Throughout our time at the “flea market” we kept discussing the morality of fakes as well. I decided at that moment that I was only feeling super-sensitive to it because I’m being so sensitive to what I’m buying in general. She agreed, but wasn’t particularly concerned with the morality or the legality of it. And I wasn’t concerned enough to stop her. The consensus: A $35 looks-like-a-Coach-bag is a lot better than a $350 is-a-Coach bag.

Here’s the thing: It’s not.

Shelley bought one and I wasn’t entirely bothered. I was conflicted; no big deal, yet pretty clearly wrong. But really how wrong? Wrong like speeding and J-walking and gambling. But here’s the thing: after some Internet searching I’m now way more certain that the whole thing’s really wrong. Really really wrong. Really. We’re probably once again going to hell for this. Or at least she is.

I’m now convinced that in no way is this purchase okay. (Funny, I finally sound like a Republican. “I’ve had my fun. Now let’s make this illegal!”) The whole thing felt a little off and now I know why. Thanks, Interwebs.

Counterfit Chic, which is fascinating reading on so many levels. Not only is there so much wrongness in fake fashion, there’s clearly horrible wrongness in legitimate fashion too. Sean Combs using real dog fur trim on high-dollar items advertised as fake fur. Kate Spade berating an unsuspecting fan for toting a knockoff bag. Steve Madden considered a known plagiarist for many of his designs. Who knew? Truth is definitely stranger than fiction in the fashion world.

– The Riverfront Times in 2004 did a story about the very flea market I’m talking about. Among my favorite tidbits from the piece: In 2000 FBI agents, along with police, seized thousands of pieces of this merchandise after an undercover investigation revealed a few vendors trading in counterfeit goods–cheap FUBU and Hilfiger knockoffs. It happened again on December 15, 2003, after a similar probe was initiated by the Recording Industry Association of America. RIAA, the trade group that represents the major music labels, made charges that four Frison merchants were selling counterfeit music CDs. (I take issue with the phrase “a few vendors.” Remember that whole “handbag” fiasco? There were countless vendors selling fake handbags; only “a few” were selling counterfeit CDs and DVDs. I steered deliberately clear of these tables. The fakes were easier to spot than the fake handbags: faded color copies for covers on first-run movies that are still in the theaters.)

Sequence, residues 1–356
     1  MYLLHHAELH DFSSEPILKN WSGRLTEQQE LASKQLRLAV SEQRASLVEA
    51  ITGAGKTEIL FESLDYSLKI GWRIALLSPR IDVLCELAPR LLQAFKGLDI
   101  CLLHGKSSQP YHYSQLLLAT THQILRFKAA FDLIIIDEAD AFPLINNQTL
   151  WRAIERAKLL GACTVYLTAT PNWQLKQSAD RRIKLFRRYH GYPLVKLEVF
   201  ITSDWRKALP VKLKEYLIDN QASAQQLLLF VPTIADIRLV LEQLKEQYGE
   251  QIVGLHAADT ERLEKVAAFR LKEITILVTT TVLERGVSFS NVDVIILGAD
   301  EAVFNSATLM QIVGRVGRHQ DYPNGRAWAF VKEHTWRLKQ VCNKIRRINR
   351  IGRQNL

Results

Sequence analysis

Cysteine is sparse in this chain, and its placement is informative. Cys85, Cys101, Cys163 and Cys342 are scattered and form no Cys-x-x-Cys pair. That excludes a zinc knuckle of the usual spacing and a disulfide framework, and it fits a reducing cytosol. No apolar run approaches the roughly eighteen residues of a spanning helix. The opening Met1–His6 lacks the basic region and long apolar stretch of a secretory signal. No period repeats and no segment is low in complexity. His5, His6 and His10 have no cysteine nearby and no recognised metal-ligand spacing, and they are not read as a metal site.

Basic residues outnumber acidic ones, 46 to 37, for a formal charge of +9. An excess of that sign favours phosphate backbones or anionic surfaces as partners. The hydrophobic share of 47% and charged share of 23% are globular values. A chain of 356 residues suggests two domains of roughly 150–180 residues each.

I Hate Counterfeit Bags, which blows my mind just because there’s a web site devoted solely to authenticating Kate Spade handbags. She’s probably reading this site right now and thinking, “It blows my mind that there’s a web site devoted to buying American.” Fair enough.

–, which has basic information about lots of things, but in this case it explains in simple terms why buying fake fashions is bad. Not technically illegal, but bad. To get them imported, I read somewhere, one tactic is to import a blank bag and then have the labels applied in the U.S. Another posting mentioned shipping containers labeled as frozen noodles and therefore not opened for inspection. Good to know that fashions are inspected onto their way into the States, but things I might eat aren’t worth a look. Nice. Most importantly, has a list at the end of this piece with links to other great resources.